These can be used in front and back carries and can accommodate toddlers up to 35-45 lbs depending on the brand. [aside: There's a lot of controversy regarding the issue of outward facing and the width of the seat, and some (like the Bjorn) are sometimes known as "baby danglers" in different parts of the Internet. I feel like anyone who plans to use a carrier for a large portion of the day will research it enough to figure out there are other, better brands out there for them. I don't think we need to demonize any parent who registers for an Infantino carrier (cause that's all the big box stores offer) to use only when taking baby for a walk in the park. That said, once I found out that it could possibly damage my baby's hips or spine, I chose not to use my baby dangler brand since I had other options available.] Soft Structured Carriers are comprised of shoulder straps and a waist strap that buckle and can be adjusted to fit the parent, so a variety of people can easily wear it to carry different sized babies. Adjusting the straps is relatively easy, but it might take a few times before you have a good grasp on which strap controls which section. If only one person wears the carrier (like at my house), once you adjust the straps the first time, you’re done. Unless your baby decides she MUST nurse throughout a garage sale, then you’ll have to readjust the waist strap in order to get her latched on while in the carrier. Just FYI. I use mine for just about anything now that she’s older with total head control and wants to look around all the time. I put her in it to vacuum, cook dinner, go for a walk, grocery shop, and just when she wants to be held but I have other things that need to be done. SSCs are pretty pricey, ranging from $80-$160, but in my opinion, worth it for the ease and comfort. I think having a SSC is the only way I’ll ever get anything done around the house when I have another child. Verdict: Must Have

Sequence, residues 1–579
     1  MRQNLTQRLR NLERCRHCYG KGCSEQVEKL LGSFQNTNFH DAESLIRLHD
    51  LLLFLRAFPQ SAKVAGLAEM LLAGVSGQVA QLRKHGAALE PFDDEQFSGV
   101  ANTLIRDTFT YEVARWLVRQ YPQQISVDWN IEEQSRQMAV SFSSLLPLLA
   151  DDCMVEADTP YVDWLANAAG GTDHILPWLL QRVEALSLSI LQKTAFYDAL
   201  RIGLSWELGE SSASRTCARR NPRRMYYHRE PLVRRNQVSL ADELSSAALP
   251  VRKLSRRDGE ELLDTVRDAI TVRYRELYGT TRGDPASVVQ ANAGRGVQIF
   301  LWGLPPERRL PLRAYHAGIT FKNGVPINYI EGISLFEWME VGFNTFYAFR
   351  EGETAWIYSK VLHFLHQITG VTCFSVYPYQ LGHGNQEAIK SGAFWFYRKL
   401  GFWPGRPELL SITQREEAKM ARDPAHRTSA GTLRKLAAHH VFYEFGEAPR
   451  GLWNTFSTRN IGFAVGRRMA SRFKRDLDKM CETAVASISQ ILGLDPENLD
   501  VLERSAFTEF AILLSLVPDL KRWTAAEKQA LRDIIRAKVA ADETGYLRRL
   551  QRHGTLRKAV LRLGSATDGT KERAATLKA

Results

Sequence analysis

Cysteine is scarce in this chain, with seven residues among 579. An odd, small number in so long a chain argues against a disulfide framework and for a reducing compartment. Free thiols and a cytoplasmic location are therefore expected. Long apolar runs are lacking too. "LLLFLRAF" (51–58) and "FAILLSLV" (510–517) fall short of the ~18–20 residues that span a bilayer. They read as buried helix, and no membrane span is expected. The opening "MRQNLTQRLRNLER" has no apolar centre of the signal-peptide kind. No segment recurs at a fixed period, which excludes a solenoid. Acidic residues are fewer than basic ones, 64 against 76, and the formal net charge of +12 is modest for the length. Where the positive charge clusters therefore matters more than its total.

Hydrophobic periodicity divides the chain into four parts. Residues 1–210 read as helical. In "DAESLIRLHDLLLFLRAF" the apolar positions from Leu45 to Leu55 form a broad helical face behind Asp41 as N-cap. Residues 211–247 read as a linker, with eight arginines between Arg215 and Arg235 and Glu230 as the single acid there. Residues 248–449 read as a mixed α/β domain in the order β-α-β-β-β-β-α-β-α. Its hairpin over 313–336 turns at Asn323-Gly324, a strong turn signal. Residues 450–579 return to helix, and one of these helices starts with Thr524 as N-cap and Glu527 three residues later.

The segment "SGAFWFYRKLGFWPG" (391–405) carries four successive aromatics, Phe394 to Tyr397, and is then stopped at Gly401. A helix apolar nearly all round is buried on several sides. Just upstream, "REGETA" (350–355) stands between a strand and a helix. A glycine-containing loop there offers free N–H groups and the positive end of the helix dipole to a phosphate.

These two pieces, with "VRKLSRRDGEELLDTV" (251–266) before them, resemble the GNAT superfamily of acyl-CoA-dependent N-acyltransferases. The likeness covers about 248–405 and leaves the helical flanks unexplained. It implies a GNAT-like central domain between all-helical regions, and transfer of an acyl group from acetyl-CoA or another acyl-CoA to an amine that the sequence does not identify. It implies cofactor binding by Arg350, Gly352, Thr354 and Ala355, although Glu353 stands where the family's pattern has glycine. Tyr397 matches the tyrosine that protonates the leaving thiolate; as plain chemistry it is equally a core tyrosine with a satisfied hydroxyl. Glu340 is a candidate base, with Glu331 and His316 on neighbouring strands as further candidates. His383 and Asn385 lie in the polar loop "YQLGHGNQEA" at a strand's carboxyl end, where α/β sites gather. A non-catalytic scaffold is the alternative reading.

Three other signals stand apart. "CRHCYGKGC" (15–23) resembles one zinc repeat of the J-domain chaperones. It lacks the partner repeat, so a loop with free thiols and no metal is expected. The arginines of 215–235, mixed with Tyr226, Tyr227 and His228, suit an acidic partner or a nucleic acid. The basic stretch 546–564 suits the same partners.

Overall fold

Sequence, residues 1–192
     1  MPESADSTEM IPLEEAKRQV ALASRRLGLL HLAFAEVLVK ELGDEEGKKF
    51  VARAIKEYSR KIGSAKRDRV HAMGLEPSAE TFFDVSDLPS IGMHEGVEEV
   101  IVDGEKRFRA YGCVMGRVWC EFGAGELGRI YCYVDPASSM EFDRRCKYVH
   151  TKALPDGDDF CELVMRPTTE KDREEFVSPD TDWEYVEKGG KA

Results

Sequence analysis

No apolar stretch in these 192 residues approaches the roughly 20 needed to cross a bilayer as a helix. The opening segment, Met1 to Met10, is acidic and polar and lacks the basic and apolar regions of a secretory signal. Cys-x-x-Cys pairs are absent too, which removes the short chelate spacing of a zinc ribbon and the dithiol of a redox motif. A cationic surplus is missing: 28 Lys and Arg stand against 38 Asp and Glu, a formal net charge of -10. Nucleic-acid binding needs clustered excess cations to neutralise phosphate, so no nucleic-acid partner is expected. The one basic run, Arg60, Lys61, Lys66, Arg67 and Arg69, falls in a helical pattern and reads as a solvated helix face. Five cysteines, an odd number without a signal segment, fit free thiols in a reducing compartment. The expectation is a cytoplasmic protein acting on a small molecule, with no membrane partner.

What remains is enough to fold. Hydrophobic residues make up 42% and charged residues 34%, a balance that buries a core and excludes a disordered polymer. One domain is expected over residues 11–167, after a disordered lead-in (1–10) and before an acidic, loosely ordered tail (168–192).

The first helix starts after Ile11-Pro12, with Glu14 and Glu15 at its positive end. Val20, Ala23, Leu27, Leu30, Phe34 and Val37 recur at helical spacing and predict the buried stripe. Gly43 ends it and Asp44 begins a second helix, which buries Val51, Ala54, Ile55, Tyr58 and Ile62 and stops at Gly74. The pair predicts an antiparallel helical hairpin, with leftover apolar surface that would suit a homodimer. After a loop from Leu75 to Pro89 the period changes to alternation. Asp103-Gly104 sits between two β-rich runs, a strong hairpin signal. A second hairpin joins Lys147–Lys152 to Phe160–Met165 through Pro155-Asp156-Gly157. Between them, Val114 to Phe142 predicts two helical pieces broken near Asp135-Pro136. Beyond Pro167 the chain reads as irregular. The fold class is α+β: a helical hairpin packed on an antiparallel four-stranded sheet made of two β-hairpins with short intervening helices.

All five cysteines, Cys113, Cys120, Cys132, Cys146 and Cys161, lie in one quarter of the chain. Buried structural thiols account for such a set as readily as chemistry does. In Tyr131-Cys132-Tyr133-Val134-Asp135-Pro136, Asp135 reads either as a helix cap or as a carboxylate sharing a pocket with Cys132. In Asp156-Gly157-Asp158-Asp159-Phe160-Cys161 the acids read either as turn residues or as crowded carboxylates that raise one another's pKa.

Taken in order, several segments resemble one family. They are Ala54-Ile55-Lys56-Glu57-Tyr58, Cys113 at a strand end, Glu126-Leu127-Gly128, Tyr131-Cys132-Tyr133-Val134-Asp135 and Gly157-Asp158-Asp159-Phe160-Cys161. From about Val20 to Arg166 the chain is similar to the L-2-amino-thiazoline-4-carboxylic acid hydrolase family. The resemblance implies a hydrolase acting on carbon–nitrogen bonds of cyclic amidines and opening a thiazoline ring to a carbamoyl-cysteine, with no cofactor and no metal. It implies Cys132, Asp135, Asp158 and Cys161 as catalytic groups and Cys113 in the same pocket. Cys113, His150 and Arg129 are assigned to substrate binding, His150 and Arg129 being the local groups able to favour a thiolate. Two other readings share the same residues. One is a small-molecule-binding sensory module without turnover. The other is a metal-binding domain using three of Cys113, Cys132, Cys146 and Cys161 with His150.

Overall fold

I loved the Mei Tai the first time I tried it. It’s got the structure of an SSC, but is easily fit by wrapping one set of long tails across your waist and one set across your shoulders. The versatility is really nice because you can easily adjust the waist to allow baby to nurse, or redo the shoulder straps to accommodate your back pain or make the baby feel more secure. Unfortunately, the tails that so aid in its versatility are also a drawback. They’re so long that it’s hard to nicely wrap up for in the car and nearly impossible to fit in the diaper bag. It’s also annoying that they drag on the ground while you’re putting it on, and as a new user, I was never fully confident I was tying her on correctly. Verdict: Don’t Need, But Nice to Have
I’ve discovered that baby carriers are like expensive shirts; some styles fit some bodies better and some days you prefer one over another. And you always want to buy a cute one if you see it on sale!